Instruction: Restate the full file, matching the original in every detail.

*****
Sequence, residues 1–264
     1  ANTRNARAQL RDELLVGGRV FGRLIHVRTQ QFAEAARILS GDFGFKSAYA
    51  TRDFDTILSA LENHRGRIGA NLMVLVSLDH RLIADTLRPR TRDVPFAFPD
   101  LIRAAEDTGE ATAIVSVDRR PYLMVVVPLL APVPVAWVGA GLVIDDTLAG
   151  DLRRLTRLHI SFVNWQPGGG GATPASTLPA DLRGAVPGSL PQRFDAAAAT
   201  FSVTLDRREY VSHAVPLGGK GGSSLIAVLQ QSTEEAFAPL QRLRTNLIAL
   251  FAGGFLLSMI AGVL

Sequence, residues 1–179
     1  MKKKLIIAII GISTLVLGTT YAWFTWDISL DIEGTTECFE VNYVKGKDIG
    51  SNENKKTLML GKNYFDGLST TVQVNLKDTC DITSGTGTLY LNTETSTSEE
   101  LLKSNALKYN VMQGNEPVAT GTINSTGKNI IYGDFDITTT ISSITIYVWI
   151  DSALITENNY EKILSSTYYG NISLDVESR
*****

Sequence, residues 1–264
     1  ANTRNARAQL RDELLVGGRV FGRLIHVRTQ QFAEAARILS GDFGFKSAYA
    51  TRDFDTILSA LENHRGRIGA NLMVLVSLDH RLIADTLRPR TRDVPFAFPD
   101  LIRAAEDTGE ATAIVSVDRR PYLMVVVPLL APVPVAWVGA GLVIDDTLAG
   151  DLRRLTRLHI SFVNWQPGGG GATPASTLPA DLRGAVPGSL PQRFDAAAAT
   201  FSVTLDRREY VSHAVPLGGK GGSSLIAVLQ QSTEEAFAPL QRLRTNLIAL
   251  FAGGFLLSMI AGVL

Sequence, residues 1–179
     1  MKKKLIIAII GISTLVLGTT YAWFTWDISL DIEGTTECFE VNYVKGKDIG
    51  SNENKKTLML GKNYFDGLST TVQVNLKDTC DITSGTGTLY LNTETSTSEE
   101  LLKSNALKYN VMQGNEPVAT GTINSTGKNI IYGDFDITTT ISSITIYVWI
   151  DSALITENNY EKILSSTYYG NISLDVESR